mpustruct:



The ETag value for each part is provided as output each time you upload a part using the `upload-part` command and can also be retrieved by calling `list-parts` or calculated by taking the MD5 checksum of each part.

Output:



## Create an S3 Integration

The steps below show how to set up an Amazon S3 integration using **AWS Cross-Account IAM Roles** and **AWS Access Keys** (deprecated). An integration can provide access to one or more S3 buckets within your AWS account. You can use an integration to create collections that sync data from your S3 buckets.

### Step 1: Configure AWS IAM Policy

  1. Navigate to the **IAM Service** in the **AWS Management Console**.

  2. Set up a new policy by navigating to **Policies** and clicking **Create policy**.

If you already have a policy set up for Rockset, you may update that existing policy.

For more details, refer to [AWS Documentation on IAM Policies](🔗).

AWS IAM Policies

  1. Set up read-only access to your S3 bucket. You can switch to the `JSON` tab and paste the policy shown below. You must replace `<your-bucket>` with the name of your S3 bucket. If you already have a Rockset policy set up, you can add the body of the `Statement` attribute to it.



Configuration Tip

If you are attempting to restrict the policy to subdirectory _/a/b_, update the **Resource object** as follows:

`"Resource": ["arn:aws:s3:::<your-bucket>", "arn:aws:s3:::<your-bucket>/a/b/*"]`

  1. Optionally, if you have an S3 bucket that is encrypted with a KMS key, append the following statement to the `Statement` attribute above.


  1. Save the newly created or updated policy and give it a descriptive name. You will attach this policy to a user or role in the next step.

#### Why these Permissions?

  • `s3:List*` ⁠— Required. Rockset uses the `s3:ListBucket` and `s3:ListAllMyBuckets` permissions to read bucket and object metadata.

  • `s3:GetObject` — Required to retrieve objects from your Amazon S3 bucket.

#### Advanced Permissions

You can set up permissions for multiple buckets, or some specific paths by modifying the `Resource` ARNs. The format of the ARN for S3 is as follows: `arn:aws:s3:::bucket_name/key_name`.

You can substitute the following resources in the policy above to grant access to multiple buckets or prefixes as shown below:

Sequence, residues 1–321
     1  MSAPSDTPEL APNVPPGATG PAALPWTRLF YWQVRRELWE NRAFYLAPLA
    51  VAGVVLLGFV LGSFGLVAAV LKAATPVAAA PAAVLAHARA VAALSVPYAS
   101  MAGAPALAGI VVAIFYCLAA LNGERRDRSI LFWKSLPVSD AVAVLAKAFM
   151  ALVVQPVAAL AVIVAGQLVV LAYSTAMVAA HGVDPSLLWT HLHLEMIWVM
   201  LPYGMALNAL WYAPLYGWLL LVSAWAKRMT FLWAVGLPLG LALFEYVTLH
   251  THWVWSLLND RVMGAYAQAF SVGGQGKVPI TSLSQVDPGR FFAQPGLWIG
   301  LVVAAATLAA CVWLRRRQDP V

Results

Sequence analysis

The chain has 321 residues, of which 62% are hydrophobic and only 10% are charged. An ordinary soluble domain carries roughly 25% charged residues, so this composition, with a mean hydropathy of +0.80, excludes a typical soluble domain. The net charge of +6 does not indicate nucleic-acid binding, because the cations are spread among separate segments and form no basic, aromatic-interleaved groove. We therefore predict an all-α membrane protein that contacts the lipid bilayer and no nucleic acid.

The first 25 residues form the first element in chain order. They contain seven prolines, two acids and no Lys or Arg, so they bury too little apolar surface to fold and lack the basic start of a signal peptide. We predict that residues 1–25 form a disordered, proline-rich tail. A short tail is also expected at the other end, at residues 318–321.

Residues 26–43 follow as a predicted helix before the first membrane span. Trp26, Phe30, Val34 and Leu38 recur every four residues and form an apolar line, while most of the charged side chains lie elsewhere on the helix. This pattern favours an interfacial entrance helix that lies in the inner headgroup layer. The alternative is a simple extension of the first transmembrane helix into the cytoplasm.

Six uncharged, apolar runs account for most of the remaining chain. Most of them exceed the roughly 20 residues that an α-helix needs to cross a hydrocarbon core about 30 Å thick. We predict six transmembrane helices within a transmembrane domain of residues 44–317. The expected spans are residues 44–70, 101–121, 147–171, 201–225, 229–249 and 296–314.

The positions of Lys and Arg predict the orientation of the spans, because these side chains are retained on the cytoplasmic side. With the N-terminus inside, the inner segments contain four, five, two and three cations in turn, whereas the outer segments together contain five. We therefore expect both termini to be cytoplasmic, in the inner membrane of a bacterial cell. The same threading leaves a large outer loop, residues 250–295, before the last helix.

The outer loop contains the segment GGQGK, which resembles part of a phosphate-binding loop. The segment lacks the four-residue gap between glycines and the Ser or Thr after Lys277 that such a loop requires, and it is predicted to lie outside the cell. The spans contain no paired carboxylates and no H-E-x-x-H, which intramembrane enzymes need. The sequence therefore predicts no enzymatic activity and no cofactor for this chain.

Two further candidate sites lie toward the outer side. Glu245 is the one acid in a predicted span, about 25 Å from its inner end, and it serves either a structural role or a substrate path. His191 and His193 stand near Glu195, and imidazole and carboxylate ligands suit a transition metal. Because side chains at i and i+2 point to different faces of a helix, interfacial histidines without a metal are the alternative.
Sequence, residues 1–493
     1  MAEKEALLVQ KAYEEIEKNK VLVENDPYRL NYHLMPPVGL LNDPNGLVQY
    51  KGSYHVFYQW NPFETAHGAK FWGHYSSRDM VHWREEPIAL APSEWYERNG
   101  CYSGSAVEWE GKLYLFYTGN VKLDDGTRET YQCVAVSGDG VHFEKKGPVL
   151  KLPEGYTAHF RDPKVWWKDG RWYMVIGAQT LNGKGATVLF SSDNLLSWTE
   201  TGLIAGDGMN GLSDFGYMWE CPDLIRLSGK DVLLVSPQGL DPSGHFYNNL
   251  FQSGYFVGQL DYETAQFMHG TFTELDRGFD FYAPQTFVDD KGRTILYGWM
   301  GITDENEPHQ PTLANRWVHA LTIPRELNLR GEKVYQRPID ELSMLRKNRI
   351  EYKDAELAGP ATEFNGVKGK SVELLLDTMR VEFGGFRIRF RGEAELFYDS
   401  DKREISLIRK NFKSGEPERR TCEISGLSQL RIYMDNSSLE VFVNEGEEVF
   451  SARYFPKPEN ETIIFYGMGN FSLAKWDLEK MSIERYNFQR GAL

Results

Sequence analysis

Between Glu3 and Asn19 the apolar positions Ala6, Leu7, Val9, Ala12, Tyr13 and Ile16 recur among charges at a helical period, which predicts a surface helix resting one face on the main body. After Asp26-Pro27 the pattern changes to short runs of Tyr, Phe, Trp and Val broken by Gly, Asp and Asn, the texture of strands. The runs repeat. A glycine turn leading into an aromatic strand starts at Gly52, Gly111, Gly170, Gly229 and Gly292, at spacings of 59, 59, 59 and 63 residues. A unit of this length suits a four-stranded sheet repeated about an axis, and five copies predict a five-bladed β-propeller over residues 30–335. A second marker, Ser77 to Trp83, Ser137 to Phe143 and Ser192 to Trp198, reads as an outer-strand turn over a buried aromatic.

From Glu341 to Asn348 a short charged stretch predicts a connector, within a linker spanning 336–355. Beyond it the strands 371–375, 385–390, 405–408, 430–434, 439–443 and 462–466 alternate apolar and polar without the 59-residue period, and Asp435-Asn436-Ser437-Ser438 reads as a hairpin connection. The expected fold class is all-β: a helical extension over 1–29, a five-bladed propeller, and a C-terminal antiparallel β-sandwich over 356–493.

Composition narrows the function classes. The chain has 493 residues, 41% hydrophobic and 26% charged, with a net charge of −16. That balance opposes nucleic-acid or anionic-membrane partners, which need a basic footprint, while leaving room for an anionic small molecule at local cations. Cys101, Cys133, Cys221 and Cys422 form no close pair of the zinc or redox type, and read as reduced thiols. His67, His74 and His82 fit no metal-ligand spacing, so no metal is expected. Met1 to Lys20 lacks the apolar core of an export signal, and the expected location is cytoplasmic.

• All paths under _mybucket/salesdata_:

    • `arn:aws:s3:::mybucket`

    • `arn:aws:s3:::mybucket/salesdata/*`

  • All buckets starting with `sales`:

    • `arn:aws:s3:::sales*`

    • `arn:aws:s3:::sales*/*`

  • All buckets in your account:

    • `arn:aws:s3:::*`

    • `arn:aws:s3:::*/*`

For more details on how to specify a resource path, refer to [AWS documentation on S3 ARNs](🔗).

### Step 2: Configure Role / Access Key

There are two methods by which you can grant Rockset permissions to access your AWS resource. Although Access Keys are supported, Cross-Account roles are strongly recommended as they are more secure and easier to manage.

#### AWS Cross-Account IAM Role

The most secure way to grant Rockset access to your AWS account involves giving Rockset's account cross-account access to your AWS account. To do so, you need to create an IAM Role that assumes your newly created policy on Rockset's behalf.

You will need information from the [Rockset Console](🔗) to create and save this integration.

  1. Navigate to the **IAM service** in the **AWS Management Console**.

  2. Setup a new role by navigating to **Roles** and clicking "Create role".

    If you already have a role for Rockset set up, you may re-use it and either add or update the above policy directly.

    AWS IAM Roles
    

  3. Select "Another AWS account" as type of trusted entity, and tick the box for "Require External ID". Fill in the Account ID and External ID fields with the values (**Rockset Account ID** and **External ID** respectively) found on the [Integration page of the Rockset Console](🔗) (under the **Cross-Account Role Option**). Click to continue.

    AWS IAM Create Role
    

  4. Choose the policy created for this role in Step 1 (or follow Step 1 now to create the policy if needed). Click to continue.

    AWS IAM Roles Attach Policy
    

  5. Optionally, add any tags and click "Next". Name the role descriptively (such as _rockset-role_), then **record the Role ARN** for the Rockset integration in the [Rockset Console](🔗).

#### AWS Access Key (deprecated)

Navigate to the **IAM service** in the **AWS Management Console**.